Ebola cases could reach 20,000 by year end: UN
Nearly $1.0 billion dollars is needed to fight the Ebola outbreak raging in west Africa, the United Nations said Tuesday, warning that 20,000 could be infected by year end.
UN humanitarian chief Valerie Amos said there was a "huge funding challenge".
"If not dealt with effectively now, Ebola could become a major humanitarian crisis in countries currently affected," she told reporters in Geneva.
The capacity of Guinea, Sierra Leone and Liberia to provide even the most basic necessities was, she warned, "on the brink of collapse."
US President Barack Obama was set Tuesday to announce US efforts to "turn the tide" in the Ebola epidemic, with plans to order 3,000 US military personnel to west Africa.
US advisors will also train up to 500 health care providers per week in Liberia, according to the plan Obama was set to unveil in Atlanta.
The United Nations said the response to the crisis will require $987.8 million (763 million euros), with about half needed for the worst-hit country, Liberia.
Its announcement comes amid mounting global alarm over the worst-ever Ebola epidemic, which by Friday had claimed 2,461 lives out of 4,985 cases, according to fresh numbers from the World Health Organization.
The UN document estimates that some 20,000 people could be infected with Ebola by the end of the year, with Guinea accounting for 16 percent of infections, Sierra Leone 34 percent and Liberia a full 40 percent.
If the international community and affected countries respond swiftly and energetically, transmission should begin to slow by the end of the year and halt by mid-2015, the document said.
- 'Unprecedented' surge needed -
Countries have in recent days been scambling to boost aid, with the European Union lamenting Monday that too much "precious time was lost."
"The level of surge we need to do is unprecedented. It is massive," the UN's Ebola coordinator David Nabarro told reporters.
Adding to international efforts, China will also send a mobile laboratory team to Sierra Leone, where more than 500 people have died so far from Ebola.
The 59-person team from the Chinese Centre for Disease Control will include epidemiologists, clinicians and nurses, and will bring the number of Chinese medics in the country to 174, WHO said Tuesday.
The EU, Britain, France and Cuba have also pledged to send medical teams and other aid to the region.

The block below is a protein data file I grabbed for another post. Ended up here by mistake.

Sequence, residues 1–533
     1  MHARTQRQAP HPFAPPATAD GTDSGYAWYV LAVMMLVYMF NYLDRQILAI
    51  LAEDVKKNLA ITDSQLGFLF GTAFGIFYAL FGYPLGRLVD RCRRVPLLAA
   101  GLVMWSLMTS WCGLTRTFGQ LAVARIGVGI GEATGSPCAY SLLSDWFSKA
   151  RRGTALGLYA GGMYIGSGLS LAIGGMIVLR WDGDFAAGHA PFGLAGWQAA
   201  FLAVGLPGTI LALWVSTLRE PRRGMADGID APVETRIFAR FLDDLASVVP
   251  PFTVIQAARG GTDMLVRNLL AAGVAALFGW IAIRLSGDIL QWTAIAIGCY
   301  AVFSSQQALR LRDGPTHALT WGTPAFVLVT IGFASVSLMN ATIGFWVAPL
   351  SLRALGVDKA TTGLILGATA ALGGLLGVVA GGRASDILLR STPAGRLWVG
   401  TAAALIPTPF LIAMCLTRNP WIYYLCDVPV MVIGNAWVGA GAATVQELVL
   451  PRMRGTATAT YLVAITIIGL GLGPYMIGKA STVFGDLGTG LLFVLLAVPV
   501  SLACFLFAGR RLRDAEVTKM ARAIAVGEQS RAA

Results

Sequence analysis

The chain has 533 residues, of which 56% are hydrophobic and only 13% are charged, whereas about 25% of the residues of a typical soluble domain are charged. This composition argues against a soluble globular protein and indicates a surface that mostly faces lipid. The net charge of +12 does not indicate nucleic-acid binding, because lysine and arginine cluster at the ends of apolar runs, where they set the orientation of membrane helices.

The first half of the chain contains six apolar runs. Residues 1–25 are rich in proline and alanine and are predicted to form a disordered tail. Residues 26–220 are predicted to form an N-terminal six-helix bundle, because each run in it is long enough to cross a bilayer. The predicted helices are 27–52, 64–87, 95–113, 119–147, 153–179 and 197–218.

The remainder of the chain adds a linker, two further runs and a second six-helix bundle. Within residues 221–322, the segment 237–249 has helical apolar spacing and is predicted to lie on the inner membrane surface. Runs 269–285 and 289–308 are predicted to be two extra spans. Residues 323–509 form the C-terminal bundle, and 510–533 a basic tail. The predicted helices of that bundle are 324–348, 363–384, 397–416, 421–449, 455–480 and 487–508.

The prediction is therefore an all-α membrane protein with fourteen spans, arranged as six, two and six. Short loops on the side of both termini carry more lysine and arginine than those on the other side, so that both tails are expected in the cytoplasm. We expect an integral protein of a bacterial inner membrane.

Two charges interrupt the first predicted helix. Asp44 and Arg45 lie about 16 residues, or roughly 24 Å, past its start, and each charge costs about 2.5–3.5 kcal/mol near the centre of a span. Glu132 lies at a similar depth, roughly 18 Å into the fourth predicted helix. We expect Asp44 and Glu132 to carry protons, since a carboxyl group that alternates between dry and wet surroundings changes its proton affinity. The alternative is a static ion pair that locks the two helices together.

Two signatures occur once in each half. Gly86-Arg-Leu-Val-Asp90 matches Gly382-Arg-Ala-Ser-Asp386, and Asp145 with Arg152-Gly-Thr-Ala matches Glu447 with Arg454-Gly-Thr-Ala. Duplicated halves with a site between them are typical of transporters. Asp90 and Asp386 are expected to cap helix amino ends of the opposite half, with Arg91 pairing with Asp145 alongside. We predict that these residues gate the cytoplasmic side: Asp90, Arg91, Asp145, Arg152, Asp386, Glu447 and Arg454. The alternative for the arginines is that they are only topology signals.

But this is far from enough, warned Joanne Liu, head of the Doctors Without Borders (MSF) charity.
Pointing out that the known Ebola cases "represents only a fraction of the real number," she stressed that "the ground response remains totally and lethally inadequate."
- Window of opportunity closing -
"The window of opportunity to contain this outbreak is closing," she told Tuesday's meeting of UN agencies, member states and other actors involved in the Ebola fight.
WHO emergency chief Bruce Aylward agreed.
"This health crisis we face is unparalleled in modern times," he said Tuesday.
"We don't know where the numbers are going," he said, pointing out that two weeks ago when WHO said it needed the capacity to manage 20,000 cases, "that seemed like a lot."
"That does not seem like a lot today," Aylward said.
He stressed the difficulty of estimating accurately how many people might become infected and die going forward.
"The numbers can be kept in the tens of thousands, but that is going to require a much faster escalation of the response if we're to beat the escalation of the virus," he said.
Liu meanwhile warned that Ebola was affecting far more than the people infected with the disease.
"While thousands have died of Ebola, many more are dying from easily treatable conditions and diseases because health centres no longer function," she said.
"States have a political and humanitarian responsibility to halt this mounting disaster," she said. "The clock is ticking."
WHO said Tuesday it this week was reconvening its emergency committee in Geneva which declared the outbreak an international health emergency in August, to consider further measures to limit its spread.
The UN Security Council will meanwhile hold an emergency session Thursday to discuss ways to ramp up the global response to the epidemic.
The Ebola virus can fell its victims within days, causing severe fever and muscle pain, weakness, vomiting and diarrhoea -- in some cases shutting down organs and causing unstoppable bleeding.
No licenced vaccine or treatment exists but health experts are looking at fast-tracking two potential vaccines and eight treatments, including the drug ZMapp.
© 2014 AFP